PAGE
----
In 1981, Mauritania was the last country to abolish slavery. Still, the practice was only finally criminalized in 2007. Indeed, today modern slavery in Mauritania is more prevalent than in any other country on earth. The World Policy Journal interviewed Erin Pettigrew, a professor of history and Arab crossroads studies at NYU Abu Dhabi, regarding the nature and evolution of slavery in Mauritania, as well as the future of the modern abolition movement.
“WORLD POLICY JOURNAL: What does modern slavery in Mauritania look like in terms of its economic and social structures? How does it compare to historical slavery?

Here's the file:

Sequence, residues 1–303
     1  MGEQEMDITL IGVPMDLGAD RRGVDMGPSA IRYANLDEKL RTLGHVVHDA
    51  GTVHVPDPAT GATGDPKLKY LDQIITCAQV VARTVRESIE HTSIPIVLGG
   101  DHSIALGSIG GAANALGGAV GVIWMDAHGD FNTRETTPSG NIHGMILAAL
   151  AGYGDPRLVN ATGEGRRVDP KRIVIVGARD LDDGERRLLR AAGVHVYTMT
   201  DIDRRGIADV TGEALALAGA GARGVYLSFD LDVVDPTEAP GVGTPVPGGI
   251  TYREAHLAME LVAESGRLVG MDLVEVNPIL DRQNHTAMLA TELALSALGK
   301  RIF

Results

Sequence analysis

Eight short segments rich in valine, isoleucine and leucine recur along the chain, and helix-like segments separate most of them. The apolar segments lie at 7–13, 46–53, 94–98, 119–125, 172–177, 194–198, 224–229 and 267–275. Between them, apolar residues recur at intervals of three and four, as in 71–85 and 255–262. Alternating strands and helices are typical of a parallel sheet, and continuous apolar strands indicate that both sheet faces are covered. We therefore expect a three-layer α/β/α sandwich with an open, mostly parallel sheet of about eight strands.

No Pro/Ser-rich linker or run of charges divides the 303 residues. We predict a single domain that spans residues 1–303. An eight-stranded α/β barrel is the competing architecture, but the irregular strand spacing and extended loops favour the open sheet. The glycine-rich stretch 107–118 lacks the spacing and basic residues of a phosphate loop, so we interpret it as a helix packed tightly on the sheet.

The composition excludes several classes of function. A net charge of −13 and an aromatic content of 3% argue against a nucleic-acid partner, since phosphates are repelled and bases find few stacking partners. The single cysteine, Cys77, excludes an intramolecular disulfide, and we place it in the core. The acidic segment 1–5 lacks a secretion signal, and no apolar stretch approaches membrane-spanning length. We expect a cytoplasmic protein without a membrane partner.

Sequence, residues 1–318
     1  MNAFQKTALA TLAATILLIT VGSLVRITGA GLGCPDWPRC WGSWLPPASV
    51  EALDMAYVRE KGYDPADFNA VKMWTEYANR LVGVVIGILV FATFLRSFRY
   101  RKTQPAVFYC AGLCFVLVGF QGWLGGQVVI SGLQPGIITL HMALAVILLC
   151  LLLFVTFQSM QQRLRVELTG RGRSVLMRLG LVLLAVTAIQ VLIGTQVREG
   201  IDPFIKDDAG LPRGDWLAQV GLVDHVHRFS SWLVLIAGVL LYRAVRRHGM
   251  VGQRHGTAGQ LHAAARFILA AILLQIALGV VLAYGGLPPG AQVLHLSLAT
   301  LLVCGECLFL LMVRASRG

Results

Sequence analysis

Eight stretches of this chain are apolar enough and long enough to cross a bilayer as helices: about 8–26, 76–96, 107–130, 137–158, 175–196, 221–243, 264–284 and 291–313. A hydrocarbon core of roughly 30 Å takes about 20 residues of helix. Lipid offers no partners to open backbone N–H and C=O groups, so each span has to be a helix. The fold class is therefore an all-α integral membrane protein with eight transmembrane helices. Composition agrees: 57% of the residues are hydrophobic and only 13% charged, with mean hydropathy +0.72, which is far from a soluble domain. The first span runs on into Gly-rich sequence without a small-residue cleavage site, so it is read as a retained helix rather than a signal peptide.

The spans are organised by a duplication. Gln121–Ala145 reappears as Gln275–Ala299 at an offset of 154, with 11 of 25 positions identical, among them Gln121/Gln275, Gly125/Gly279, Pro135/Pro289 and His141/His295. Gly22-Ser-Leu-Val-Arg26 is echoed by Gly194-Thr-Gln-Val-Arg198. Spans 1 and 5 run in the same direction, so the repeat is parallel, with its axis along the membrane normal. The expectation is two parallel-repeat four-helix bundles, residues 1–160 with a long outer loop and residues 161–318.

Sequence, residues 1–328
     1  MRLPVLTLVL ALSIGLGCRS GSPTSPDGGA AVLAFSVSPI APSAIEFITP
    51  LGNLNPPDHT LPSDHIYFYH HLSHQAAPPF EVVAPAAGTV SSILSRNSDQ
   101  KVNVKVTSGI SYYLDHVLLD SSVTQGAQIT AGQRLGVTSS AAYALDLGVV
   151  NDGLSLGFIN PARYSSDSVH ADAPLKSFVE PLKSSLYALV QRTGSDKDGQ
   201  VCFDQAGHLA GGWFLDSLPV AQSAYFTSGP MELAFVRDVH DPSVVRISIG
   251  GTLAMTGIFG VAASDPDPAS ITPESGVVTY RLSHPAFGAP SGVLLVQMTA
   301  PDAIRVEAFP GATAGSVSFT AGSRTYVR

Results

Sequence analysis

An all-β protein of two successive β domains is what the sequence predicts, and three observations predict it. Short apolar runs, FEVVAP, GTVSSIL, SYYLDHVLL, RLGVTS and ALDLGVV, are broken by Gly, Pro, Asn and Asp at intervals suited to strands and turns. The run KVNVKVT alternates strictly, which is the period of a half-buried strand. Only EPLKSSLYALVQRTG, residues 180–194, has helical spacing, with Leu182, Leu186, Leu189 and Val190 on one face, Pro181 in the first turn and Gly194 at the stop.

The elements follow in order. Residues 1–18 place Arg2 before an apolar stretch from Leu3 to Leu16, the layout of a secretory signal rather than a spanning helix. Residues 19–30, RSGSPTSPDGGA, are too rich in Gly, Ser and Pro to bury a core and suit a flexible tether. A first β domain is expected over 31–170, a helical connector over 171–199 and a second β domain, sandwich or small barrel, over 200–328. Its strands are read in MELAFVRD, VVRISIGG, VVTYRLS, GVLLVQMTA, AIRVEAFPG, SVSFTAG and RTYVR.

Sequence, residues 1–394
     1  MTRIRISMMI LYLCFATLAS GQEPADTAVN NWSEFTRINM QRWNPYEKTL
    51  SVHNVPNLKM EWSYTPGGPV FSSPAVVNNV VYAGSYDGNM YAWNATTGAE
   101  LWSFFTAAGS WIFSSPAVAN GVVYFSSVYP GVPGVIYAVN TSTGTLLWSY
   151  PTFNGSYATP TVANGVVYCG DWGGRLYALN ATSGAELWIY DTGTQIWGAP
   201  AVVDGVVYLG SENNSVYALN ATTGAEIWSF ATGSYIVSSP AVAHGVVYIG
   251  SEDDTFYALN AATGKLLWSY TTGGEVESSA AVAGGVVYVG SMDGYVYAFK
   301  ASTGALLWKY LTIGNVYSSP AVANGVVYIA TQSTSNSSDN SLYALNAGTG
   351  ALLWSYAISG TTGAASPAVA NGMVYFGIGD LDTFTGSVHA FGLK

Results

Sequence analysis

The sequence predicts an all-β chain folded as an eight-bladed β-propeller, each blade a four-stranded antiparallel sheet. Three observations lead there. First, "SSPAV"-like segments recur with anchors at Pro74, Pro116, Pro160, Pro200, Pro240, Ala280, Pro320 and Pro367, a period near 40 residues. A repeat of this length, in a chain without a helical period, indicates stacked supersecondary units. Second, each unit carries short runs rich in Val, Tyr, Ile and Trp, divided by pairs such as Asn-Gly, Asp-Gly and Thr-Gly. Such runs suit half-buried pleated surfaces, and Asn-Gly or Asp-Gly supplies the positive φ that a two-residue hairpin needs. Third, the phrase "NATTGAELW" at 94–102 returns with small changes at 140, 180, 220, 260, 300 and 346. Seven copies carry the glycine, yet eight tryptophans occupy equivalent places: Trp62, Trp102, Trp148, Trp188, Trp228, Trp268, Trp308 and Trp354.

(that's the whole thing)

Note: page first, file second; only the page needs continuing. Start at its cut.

ERIN PETTIGREW: This is one of the biggest and most difficult questions. When people hear the word “slavery,” especially in an American context, they attach a very black-and-white (both metaphorically and racially) meaning to the term. In the American context, people understand slavery to be about big plantations and a form of chattel slavery that existed in North and South America. But in Mauritania and West Africa, and across the African continent, there are multiple forms of slavery, and it isn’t as simple as the racial dichotomy people have in mind. Today, what people call slavery depends a lot on who you are talking to. Generally, in Mauritania, what I would describe as slavery isn’t something most of us could easily identify as chattel slavery, in which a person is physically purchased, as happened in the Americas.”
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